29 Mar Skateboard Fashion Over the Years: The 70’s to Now
Skateboard fashion has been a major part of skate culture since the 1970s.
Few other sports have created a global fashion phenomenon quite like skateboarding. From a simple Element tree logo t-shirt to high-end Supreme collabs with luxury brands, the way skaters dress has played a major role in shaping modern youth culture and even mainstream fashion around the world today.
Every decade, skateboard fashion evolves. New skate and apparel brands make their way to the top. Nowadays, you can find many streetwear shops in the Fairfax district of Los Angeles with lines of people out front hoping to get their hands on the latest drops of skate footwear and apparel.
Because skateboarding has become a staple in the modern fashion world, skaters, non-skaters, celebrities, music artists, and people from all over the world want to get their hands on the freshest gear from the best skate brands.
Skateboard fashion is bigger than ever, but what you see on social media today isn’t what skate fashion used to look like back in the day.
If you’re curious to see how skateboard fashion has changed over the years, you’ve come to the right place. See the brands and trends that helped shape the skateboard culture we know and love below!
Skateboard Fashion in the 1970’s
Let’s be honest, most skaters would probably get a laugh if you showed up with 70’s skate gear to your local park today!
Some of the hottest men’s skate gear in the 70’s included short shorts, fitted t-shirts, tank tops, long striped socks, and a pair of Converse or Vans shoes. For women, the trend was ripped shorts, tank tops, and pretty much the same striped socks and footwear.
Dogtown and the Z-Boys
The legendary Z-boys crew from Venice, California played a major role in shifting the “short shorts and high socks” era of skate fashion.
These guys wore hockey tees or no shirts, had long hair, ripped jeans, and they basically just looked bad ass. Some might say the Z-boys were a big influence in creating the “cool factor” that skate fashion (and skateboarders) took on in the coming years.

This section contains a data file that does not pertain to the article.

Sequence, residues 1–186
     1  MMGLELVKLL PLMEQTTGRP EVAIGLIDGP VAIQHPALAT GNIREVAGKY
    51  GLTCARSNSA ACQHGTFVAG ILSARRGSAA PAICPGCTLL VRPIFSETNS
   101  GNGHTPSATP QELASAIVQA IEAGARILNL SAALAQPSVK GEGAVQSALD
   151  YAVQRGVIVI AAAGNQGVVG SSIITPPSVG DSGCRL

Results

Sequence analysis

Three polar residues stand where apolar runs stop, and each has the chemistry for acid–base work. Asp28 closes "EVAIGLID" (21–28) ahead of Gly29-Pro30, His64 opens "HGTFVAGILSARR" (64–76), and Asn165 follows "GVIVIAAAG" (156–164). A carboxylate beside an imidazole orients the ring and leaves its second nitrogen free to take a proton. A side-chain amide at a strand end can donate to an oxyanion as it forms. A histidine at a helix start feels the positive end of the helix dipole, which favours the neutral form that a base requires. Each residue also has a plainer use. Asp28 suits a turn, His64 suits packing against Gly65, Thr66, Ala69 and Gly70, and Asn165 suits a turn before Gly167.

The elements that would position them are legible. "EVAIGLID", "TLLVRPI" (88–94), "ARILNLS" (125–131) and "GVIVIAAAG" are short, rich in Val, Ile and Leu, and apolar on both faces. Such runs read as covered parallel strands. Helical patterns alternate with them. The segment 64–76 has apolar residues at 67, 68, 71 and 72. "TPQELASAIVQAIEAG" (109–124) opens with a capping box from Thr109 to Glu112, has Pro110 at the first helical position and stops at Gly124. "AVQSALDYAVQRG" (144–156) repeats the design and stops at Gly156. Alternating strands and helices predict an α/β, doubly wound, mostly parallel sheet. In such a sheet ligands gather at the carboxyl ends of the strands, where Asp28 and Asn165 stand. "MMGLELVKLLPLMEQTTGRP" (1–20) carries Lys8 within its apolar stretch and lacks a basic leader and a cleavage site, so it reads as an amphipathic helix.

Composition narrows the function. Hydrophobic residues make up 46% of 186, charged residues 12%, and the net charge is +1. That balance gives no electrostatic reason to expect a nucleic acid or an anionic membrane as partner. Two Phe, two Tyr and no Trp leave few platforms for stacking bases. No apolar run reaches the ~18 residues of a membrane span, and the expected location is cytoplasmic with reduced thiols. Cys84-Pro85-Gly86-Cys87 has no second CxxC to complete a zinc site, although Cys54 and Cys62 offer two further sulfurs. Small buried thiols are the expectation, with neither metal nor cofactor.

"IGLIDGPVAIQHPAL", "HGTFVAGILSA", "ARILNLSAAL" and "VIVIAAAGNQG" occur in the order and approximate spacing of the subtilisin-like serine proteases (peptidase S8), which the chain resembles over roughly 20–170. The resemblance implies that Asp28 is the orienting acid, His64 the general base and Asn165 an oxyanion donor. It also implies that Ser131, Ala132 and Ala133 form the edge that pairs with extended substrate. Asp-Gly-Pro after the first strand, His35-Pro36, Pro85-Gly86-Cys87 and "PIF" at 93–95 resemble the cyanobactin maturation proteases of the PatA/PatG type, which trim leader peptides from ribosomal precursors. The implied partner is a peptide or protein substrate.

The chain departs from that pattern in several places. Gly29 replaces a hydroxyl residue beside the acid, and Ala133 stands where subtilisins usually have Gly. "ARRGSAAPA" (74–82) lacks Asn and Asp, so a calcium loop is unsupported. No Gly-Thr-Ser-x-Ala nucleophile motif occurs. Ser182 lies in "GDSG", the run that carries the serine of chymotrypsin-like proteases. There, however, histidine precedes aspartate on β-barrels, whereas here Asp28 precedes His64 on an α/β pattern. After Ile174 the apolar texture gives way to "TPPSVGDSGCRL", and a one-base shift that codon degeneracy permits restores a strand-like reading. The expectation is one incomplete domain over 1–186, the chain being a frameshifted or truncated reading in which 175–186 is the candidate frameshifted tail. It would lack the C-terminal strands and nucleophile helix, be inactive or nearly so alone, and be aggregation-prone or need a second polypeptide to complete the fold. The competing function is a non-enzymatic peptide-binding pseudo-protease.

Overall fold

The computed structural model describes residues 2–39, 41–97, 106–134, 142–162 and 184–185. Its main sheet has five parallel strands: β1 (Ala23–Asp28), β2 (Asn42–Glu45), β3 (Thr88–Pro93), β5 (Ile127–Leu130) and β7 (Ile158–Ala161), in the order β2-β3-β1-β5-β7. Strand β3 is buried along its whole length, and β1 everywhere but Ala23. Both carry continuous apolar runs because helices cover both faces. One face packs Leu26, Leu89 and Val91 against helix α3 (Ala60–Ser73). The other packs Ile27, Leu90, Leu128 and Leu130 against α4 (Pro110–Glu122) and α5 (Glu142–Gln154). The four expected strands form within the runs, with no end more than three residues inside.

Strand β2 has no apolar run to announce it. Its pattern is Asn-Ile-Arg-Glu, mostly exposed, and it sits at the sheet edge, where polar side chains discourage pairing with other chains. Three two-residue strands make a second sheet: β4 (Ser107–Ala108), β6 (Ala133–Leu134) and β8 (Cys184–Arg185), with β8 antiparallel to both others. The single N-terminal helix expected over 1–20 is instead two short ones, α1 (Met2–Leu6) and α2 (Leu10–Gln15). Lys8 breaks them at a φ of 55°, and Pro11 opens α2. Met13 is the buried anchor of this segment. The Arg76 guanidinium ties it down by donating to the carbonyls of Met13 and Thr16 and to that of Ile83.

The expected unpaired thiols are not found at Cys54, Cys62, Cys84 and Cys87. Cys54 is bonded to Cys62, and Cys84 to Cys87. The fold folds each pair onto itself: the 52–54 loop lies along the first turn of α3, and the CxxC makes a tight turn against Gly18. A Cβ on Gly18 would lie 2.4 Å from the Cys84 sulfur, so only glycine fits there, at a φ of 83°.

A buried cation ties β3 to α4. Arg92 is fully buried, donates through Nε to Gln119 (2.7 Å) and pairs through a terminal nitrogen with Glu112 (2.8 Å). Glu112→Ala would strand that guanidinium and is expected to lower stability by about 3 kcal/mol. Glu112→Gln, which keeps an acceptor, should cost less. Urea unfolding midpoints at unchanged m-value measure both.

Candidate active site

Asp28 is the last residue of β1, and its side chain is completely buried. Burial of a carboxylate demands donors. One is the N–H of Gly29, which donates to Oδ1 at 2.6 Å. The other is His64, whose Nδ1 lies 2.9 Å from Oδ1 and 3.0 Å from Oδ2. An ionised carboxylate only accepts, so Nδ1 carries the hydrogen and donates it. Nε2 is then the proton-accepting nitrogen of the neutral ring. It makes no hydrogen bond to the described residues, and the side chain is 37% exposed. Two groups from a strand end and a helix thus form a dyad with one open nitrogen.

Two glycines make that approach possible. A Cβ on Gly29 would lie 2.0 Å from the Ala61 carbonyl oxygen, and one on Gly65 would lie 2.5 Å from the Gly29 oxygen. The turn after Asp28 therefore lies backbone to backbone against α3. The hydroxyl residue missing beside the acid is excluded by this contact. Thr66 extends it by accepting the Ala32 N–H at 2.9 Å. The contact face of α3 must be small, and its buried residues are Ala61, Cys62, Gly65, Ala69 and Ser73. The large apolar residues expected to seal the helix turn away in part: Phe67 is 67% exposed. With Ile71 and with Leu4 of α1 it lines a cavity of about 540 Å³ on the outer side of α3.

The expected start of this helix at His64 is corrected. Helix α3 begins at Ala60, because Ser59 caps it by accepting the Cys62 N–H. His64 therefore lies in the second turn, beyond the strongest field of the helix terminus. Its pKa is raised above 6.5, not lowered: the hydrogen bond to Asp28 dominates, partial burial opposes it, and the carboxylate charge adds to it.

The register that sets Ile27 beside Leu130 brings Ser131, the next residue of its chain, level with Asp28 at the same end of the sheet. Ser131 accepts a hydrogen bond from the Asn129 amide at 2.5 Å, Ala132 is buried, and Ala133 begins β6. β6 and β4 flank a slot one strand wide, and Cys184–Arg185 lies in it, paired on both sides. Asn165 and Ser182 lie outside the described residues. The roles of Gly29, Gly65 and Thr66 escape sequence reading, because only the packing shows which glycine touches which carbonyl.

If it wasn’t for them, skate fashion would likely be much different.
Skateboard Fashion in the 1980’s
At this point, some of the biggest names in skateboarding were Tony Alva and Stacey Peralta, which helped bring skateboarding closer together with punk rock culture.
While Stacey was living the early years of Powell-Peralta Skateboards, Tony Alva became a skateboarding rockstar, setting fashion trends as he shredded backyard pools.
High-top Skate Shoes
In the 1980s, one of the most significant changes in skateboard fashion was footwear.
Converse had their iconic high-top “All-Star” shoes and Vans started to create high-top styles, ideal for vert or pool skating. At this point, street skating wasn’t quite a thing yet, so high-top shoes were the go-to skate style.
Nowadays, you may see top pros like Yuto Horigome rocking Nike Air Jordan 1’s. Believe it or not, Nike and Jordan shoes were popular among skaters in the mid to late 80’s! The flat sole and durable upper made them well-adapted for skating.
Cutting The Vans Caballero Shoe
In the late 80’s, Vans released the Steve Caballero pro signature shoe. Little did they know, this shoe would go on to be a staple in the Vans skate lineup for more than 30 years.
As street skating emerged, skaters like Mike Carroll and Ray Barbee became some of the first to start the trend of “cutting down” Caballero’s signature shoe. Cutting around the ankle of the shoe helped give your ankle more freedom when doing flip tricks while street skating.
Steve and Vans started recognizing the wants of skaters to have a more low-cut version of the Caballero shoe. When 1992 rolled around, one of the most legendary skate shoes in history was born – The Vans “Half Cab”.
Skateboard Fashion in the 1990’s
In the 90s, street skating was becoming more and more popular. Vert skating was certainly still around, but street skating was evolving into what we now know today. Skaters were learning how to skate handrails, do more technical flip tricks, and more complex grind variations.
Because of this, skate fashion evolved too, and “street” culture started entering the mix.